Miami Frost would be a good option too Bachelor of Music in Music Education | Frost School of Music | University of Miami

SUNY Potsdam and Fredonia have music ed (and tent to be affordable); Purchase does not have music ed. Apparently BU, U Michigan and NYU are possibilities (just googled a list!). Here is another list 2021 Best Colleges with Music Teacher Education Degrees - Niche

There are many schools actually that would be a good fit. We would need to know more about finances and preferred type of school etc. but I tried to give it a start.

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Thank you everyone, those are some great places to start. Utah didn’t even occur to me, but he’d probably love it there,

I did read the double degree dilemma, I feel like it’s less applicable to him because he’s at least as clear about wanting to work with kids as he is about wanting music. I know there are people who push their kids into music ed because it’s seems like a safer choice but that’s not the situation here. But he hasn’t seen enough schools I think to know whether big or small, or a conservatory vs a LAC is right.

Finances will be an issue, we don’t have an instate option that I think will be right.

For schools like BU, NYU, or Michigan, I think he’d drown in academic classes someplace like that.

You could take a look at Lawrence in Wisconsin. It has a college and a conservatory and while the academics are good, they are not overwhelming. They have an NPC on their website that will take both merit and need-based into account.

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Lawrence, University of Puget Sound, Ithaca, Bard. Northern Colorado. A 3.5 isn’t all that bad!

You could also look at Cal State University - Long Beach, which is the only California public university with a conservatory. For in-state, it is very reasonably priced. For OOS, they estimate the COA between 30k-35k depending on whether you live on or off campus.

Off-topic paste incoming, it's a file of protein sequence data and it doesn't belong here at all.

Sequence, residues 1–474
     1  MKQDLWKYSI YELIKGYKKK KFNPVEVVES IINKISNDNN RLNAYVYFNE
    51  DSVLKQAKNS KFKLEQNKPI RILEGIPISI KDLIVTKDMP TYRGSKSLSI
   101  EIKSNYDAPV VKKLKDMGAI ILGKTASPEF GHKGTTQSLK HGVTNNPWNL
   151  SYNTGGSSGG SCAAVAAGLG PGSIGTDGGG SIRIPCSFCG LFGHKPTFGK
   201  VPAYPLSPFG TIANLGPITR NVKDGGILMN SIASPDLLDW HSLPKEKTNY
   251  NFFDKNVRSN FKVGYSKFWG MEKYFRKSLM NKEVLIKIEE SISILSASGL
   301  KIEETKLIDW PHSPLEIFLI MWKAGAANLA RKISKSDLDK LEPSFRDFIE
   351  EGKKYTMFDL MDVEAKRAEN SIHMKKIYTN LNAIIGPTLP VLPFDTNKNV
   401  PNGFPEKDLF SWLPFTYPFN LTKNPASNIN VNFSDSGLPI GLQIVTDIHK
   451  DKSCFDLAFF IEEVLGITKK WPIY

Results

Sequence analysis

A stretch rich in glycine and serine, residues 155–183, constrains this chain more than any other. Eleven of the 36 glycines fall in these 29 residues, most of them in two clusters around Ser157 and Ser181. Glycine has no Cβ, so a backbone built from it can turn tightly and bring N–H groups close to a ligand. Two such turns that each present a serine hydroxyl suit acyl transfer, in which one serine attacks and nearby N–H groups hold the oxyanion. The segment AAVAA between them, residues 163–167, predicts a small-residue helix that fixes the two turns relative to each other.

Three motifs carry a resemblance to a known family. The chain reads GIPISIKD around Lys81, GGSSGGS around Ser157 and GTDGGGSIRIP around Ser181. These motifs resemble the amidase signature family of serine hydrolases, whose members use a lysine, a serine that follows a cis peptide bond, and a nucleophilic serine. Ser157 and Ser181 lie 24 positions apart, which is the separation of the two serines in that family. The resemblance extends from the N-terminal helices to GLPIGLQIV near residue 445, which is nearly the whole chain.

The beach is very close by; the mountains are within a couple of hours. Long Beach itself is a great town.

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There was a thread a while ago that talked about the difficulties getting teaching jobs and certifications in states other than the one where you go to school. I’m going to see if I can find it. If he is seriously considering teaching, that might come into play. I remember the topic specifically being about NY/NJ/PA. Not sure what states he would be considering.

Music Education | Lawrence University People seem to love Lawrence! But

At schools like BU. NYU and Michigan, if he is in the conservatory/school of music, his academic classes will still be 1/4-1/3 of total classes. Here is the NYU music ed curriculum with the academic core classes: Curriculum BM, Music Education | NYU Steinhardt

But he isn’t the first one to come on here with that concern. I remember one student who felt that way about academics, and ultimately decided on a challenging school. He took some community college classes over the summer to get a head start on the gen eds and make it a little easier on campus :slight_smile:

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Do Music Ed applicants have to submit a performance portfolio ? If so, often the strength of the performance audition (and prescreen, if required) is a very important component of the application package.